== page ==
Post-Epidemic Advancements in Treatment and Product
During the AIDS epidemic in the US in the 1980s, the US blood supply became contaminated with the HIV virus from infected blood donors. During this period, the only products that were available to treat hemophilia were made from donated blood, and thus many people with hemophilia became infected with HIV.
It is estimated that about 50% of all those with hemophilia became infected, including around 90% of those with severe hemophilia. Thousands of people with hemophilia developed AIDS and died from this disease. Many others from that era still live with HIV today.
In 1985, the US began screening donated blood for the HIV virus, and over the next several years, increasingly advanced and sensitive tests were introduced. Virus-killing techniques were introduced in 1987 to further increase the safety of products made from donated blood, , which have also been refined and improved over the years.
Since 1987, there have been no incidences of HIV being transmitted from a US-sourced factor VIII or factor IX product. Today, the US blood supply and products made from it are considered some of the safest in the world.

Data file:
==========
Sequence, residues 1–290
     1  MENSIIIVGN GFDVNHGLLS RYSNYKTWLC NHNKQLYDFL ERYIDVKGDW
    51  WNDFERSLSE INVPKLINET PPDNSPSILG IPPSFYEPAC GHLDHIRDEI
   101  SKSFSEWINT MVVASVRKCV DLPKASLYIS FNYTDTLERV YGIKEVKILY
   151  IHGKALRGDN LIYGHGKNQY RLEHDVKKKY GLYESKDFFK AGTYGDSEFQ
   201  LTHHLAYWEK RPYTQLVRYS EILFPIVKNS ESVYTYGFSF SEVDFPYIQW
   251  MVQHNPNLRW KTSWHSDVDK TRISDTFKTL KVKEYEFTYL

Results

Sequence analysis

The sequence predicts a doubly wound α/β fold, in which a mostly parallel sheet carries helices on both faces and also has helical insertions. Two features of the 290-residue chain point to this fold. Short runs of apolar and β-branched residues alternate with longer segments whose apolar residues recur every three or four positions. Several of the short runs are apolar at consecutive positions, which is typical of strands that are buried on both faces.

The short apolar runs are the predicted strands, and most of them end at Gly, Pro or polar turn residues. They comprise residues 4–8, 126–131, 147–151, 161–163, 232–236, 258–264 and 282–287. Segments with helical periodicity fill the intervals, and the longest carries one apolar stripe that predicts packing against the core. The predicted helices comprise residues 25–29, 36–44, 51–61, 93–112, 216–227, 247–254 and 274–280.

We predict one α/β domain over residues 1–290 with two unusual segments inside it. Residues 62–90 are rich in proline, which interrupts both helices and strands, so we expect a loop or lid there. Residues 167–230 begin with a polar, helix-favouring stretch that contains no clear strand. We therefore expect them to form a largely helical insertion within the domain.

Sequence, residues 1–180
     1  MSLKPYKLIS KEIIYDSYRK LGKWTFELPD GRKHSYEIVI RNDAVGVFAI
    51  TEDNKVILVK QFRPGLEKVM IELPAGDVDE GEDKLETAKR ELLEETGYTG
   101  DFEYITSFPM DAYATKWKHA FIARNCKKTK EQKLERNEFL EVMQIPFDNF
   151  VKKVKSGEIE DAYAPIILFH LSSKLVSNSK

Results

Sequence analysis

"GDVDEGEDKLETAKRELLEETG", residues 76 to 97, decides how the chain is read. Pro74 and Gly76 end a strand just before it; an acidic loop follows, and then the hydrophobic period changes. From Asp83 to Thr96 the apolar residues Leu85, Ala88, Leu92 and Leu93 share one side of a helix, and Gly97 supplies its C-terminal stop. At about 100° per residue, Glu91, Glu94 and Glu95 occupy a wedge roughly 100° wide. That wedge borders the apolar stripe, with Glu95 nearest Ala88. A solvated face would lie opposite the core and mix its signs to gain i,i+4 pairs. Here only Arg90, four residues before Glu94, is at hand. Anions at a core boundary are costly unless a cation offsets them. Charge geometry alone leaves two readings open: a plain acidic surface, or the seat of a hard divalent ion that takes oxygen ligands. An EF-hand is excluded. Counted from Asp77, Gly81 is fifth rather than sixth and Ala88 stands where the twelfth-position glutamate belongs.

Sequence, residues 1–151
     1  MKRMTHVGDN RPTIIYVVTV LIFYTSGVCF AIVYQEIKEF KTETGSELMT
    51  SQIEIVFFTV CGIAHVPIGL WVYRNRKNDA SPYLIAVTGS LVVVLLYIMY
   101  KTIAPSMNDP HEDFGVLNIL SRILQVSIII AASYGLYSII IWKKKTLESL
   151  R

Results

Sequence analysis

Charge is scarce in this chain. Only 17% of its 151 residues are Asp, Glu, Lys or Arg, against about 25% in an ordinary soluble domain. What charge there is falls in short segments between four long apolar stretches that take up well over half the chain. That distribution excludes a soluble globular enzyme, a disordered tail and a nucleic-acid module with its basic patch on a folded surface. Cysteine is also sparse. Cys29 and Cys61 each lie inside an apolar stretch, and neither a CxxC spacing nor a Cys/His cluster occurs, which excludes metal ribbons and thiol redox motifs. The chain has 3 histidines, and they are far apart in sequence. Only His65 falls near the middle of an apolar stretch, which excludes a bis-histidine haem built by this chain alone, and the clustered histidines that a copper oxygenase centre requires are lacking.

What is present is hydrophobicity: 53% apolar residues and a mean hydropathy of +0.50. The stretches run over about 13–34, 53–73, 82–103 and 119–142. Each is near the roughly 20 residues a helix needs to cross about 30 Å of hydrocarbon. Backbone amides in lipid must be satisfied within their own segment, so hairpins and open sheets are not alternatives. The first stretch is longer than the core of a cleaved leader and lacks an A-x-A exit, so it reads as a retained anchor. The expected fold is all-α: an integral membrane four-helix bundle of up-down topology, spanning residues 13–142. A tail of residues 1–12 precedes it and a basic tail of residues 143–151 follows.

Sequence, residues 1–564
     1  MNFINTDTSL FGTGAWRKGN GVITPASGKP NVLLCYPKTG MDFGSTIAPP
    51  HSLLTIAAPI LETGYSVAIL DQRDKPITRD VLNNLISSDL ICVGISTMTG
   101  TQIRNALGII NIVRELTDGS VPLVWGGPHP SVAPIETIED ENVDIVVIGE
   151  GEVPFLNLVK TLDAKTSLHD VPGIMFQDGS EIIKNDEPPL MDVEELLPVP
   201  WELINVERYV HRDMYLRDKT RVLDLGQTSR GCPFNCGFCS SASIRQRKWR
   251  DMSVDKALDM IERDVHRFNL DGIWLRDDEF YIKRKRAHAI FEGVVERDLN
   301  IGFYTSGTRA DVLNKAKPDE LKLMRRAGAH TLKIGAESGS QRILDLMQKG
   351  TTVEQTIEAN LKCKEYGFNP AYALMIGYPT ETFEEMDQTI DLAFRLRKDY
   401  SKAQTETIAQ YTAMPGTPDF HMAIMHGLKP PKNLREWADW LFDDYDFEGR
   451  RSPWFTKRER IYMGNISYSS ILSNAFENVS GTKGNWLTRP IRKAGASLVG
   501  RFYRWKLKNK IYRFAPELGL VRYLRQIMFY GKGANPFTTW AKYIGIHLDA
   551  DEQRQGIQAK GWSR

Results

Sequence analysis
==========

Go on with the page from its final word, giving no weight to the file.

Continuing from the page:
Although there isn’t a cure for HIV, highly effective treatments are available to prevent the progression of the disease. Many members of the IHTC staff treated patients during the AIDS epidemic and saw firsthand how HIV affected the lives of people with hemophilia and their families.
Today we continue to stand by those who are affected by HIV. As HIV treatment is very specialized, we coordinate your HIV treatment with an infectious disease specialist. Your best care is our priority at IHTC.
Learn about hepatitis and hemophilia